- anonymous

Please, help? An Olympic diver springs off a high dive that is 3m above the surface of the water. When she lands in the water she is traveling at a speed of 8.9 m/s at an angle of 75.0° with respect to the horizontal. What was her take off speed and direction?

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- anonymous

@hartnn ?

- anonymous

- anonymous

picture!

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## More answers

- anonymous

|dw:1382313081201:dw|

- anonymous

First off, what do you know about her velocity in the x direction for the entire trajectory?

- anonymous

It's constant?

- anonymous

yup yup. So now all you need to find is her y velocity at 3m above the water, and you can figure out the direction and magnitude of initial takeoff , yah? How might one find that?

- anonymous

Ummm... I'm not sure

- anonymous

You have kinematics or energistics as your two options. Pick your poison.

- anonymous

or both

- anonymous

just not neither

- anonymous

Kinematics is what we're learning

- anonymous

that's probably the better option then :) What do you know about the diver's y velocity at the top of the trajectory?

- anonymous

8.9sin75° ?

- anonymous

That's right at the bottom, when she hits the water. What about right here?|dw:1382313886798:dw|

- anonymous

Ohh! 0

- anonymous

!!! :D

- anonymous

exactly

- anonymous

Did it all fall into place and the big picture come into focus? Or do wanna keep working it together?

- anonymous

I'm still lost tbh

- anonymous

none worries. Can you come up with an equation of motion that'll give you this height?|dw:1382314187399:dw|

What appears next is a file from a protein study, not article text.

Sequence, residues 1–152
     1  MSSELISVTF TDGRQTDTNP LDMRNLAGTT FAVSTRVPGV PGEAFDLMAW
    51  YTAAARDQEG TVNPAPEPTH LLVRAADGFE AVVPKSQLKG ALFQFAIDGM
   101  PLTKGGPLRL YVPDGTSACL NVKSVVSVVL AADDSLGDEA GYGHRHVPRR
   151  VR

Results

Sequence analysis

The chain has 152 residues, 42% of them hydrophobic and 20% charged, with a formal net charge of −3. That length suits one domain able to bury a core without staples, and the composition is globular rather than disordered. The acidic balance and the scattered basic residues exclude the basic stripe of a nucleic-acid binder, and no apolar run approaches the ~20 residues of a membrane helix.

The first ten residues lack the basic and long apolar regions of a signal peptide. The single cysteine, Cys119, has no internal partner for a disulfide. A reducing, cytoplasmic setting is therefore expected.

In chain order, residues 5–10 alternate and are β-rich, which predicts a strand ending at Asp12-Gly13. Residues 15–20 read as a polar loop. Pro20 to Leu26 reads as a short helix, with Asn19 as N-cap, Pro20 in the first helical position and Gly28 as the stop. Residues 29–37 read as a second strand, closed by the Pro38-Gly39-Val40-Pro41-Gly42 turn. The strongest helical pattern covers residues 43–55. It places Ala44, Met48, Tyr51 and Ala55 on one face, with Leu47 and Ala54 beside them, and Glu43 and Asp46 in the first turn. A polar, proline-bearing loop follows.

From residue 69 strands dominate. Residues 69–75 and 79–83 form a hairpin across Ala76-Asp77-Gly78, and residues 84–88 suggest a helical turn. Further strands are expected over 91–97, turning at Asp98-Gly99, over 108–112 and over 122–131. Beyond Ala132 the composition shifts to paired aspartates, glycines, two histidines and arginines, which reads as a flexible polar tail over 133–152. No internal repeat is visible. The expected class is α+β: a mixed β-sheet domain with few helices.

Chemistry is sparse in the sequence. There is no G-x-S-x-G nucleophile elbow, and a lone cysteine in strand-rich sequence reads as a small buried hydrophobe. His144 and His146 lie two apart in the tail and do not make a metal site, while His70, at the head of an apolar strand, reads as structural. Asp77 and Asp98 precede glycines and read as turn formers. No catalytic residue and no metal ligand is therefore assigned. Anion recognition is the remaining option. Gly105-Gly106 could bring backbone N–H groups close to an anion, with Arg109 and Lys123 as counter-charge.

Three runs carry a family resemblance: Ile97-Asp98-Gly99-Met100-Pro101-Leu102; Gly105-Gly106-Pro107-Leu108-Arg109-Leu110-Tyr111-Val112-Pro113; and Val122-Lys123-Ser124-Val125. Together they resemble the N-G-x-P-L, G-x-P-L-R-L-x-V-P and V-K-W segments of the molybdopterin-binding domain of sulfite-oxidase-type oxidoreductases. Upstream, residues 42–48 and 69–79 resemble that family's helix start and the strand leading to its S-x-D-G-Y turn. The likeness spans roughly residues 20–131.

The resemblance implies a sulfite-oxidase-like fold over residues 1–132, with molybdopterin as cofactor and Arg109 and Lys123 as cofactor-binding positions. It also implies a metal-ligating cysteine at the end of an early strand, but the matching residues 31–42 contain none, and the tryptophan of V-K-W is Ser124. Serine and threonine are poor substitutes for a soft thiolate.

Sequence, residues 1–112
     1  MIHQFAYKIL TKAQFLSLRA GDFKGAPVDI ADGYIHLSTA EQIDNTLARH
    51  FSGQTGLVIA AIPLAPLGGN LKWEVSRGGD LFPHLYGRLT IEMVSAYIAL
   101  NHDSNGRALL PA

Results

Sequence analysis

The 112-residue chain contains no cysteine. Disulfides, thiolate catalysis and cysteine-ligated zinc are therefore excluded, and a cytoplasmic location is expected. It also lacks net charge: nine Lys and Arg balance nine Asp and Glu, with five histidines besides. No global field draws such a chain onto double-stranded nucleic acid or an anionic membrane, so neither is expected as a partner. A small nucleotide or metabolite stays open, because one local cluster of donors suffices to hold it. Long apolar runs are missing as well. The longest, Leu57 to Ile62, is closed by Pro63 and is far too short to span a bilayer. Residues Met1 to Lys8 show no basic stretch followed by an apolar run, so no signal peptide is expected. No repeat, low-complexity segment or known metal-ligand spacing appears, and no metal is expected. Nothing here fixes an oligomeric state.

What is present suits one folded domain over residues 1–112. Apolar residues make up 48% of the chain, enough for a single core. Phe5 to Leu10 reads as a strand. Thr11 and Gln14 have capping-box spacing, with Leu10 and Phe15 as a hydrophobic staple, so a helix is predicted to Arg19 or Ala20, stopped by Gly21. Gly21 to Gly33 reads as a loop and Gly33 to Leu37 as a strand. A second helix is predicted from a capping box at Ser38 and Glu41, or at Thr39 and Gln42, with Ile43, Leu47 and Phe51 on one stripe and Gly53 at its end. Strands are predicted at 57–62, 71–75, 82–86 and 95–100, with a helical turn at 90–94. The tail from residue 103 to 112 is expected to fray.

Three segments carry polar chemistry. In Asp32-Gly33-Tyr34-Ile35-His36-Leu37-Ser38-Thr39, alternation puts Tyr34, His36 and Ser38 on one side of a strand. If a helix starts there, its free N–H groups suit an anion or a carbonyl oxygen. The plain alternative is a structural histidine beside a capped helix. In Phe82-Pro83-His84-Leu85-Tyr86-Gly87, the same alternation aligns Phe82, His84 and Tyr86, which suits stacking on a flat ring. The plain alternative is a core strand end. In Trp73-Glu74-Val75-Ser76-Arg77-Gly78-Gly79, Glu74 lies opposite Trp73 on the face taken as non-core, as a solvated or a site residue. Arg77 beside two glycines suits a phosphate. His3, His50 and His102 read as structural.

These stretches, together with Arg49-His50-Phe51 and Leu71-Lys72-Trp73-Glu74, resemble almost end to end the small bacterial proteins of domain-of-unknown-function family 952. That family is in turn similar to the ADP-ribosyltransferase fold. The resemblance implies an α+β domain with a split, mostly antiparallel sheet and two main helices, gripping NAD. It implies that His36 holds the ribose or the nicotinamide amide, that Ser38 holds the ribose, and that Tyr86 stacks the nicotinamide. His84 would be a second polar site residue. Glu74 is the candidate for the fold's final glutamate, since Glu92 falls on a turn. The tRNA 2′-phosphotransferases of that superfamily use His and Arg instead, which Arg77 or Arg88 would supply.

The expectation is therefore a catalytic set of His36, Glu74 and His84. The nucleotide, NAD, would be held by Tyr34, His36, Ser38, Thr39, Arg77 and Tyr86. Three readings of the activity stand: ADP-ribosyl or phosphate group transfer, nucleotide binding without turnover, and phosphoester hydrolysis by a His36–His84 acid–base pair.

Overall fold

One that only uses velocity, distance, and acceleration?

- anonymous

I'm not sure without t

- anonymous

There's 1 of em is all. It's
\[ v^2 = v_o^2 + 2ad\]
v = final velocity
vo = initial velocity
a = acc.
d = displacement

- anonymous

Hmmm I haven't even seen that yet!

- anonymous

That's the one I always forget, and always forget how to derive, too :P You get it (I'm neglecting a few terms, sorry) from
\[ d = \left( \frac{v_o + v}{2} \right)t \]
\[ t = \left( \frac{2}{v_o + v} \right)d \]
then plug that into
\[v = v_o + at\]
It's mighty handy. Anyways... Once you get height H, what can you do?

- anonymous

I could use this equation to find the velocity? But how would I find h?

- anonymous

you know the velocity though!
\[v = v_y= 8.9 sin \theta\]
at the bottom, and vo = 0 at the top.

- anonymous

Oh okay.

- anonymous

So below the diving board (or would it be below the surface of the water) the \(\ \large v_y = 8.9sin\theta \text{ ? }\)

- anonymous

exactly at the surface of the water Vy = 8.9sin75. We're trying to see, starting from rest, how far would the diver have to fall to be going that fast.

- anonymous

Does that make sense? I tend to make things more convoluted than they need to be :/

- anonymous

Yes, I think so. Where would I go from here?

- anonymous

with that, we have the last bit of info.
|dw:1382315519387:dw|
When we have H, we us that same equation to find out the magnitude of the velocity height "little h," which is in line with the diving board. Then using that value you can find the unknown initial angle φ (phi) using tanφ = y/x .
|dw:1382315666658:dw|
The magnitude of the initial velocity is then
\[ |\textbf v| = \sqrt{x^2+y^2}\]
Follow?

- anonymous

The answer takes the form, "Initial velocity was ...m/s at .... degrees above the horizontal."

- anonymous

Okay, just one moment...Im trying to understand this all...!

- anonymous

~~ The first paragraph should say "... find out the velocity ~~ at~~ height 'little h'..."

- anonymous

Okay that part of the velocity being same in direction but opposite in magnitude seems to make sense.... I'm a bit confused as to how to find x and y, though

- anonymous

you have x already. It's stayed the same throughout the trajectory. You get y by using that 4th equation of motion again.
\[ v_{y@h}^2 = 2ah\]
Then
\[\tan \phi = \frac{y}{x} = \frac{v_{y@h}}{8.9\cos7.5}. \]

- anonymous

oh, y and x components of the triangle. Not x and y as in displacement. Sorry :P

- anonymous

meant Vy and Vx

- anonymous

`~~
\[ tan \phi = \frac{v_{y@h}}{8.9 \cos75} \]

- anonymous

Hey, I gotta run. Sorry. I'll be on later :) good luck and good physicsing! Sciencing with friends is fun.

- anonymous

Ok! Thanks for the help so far! :)

- anonymous

change of plan. back. how's it goin?

- anonymous

I'm really stuck actually @AllTehMaffs!

- anonymous

I'm not sure which triangle x and y correspond to!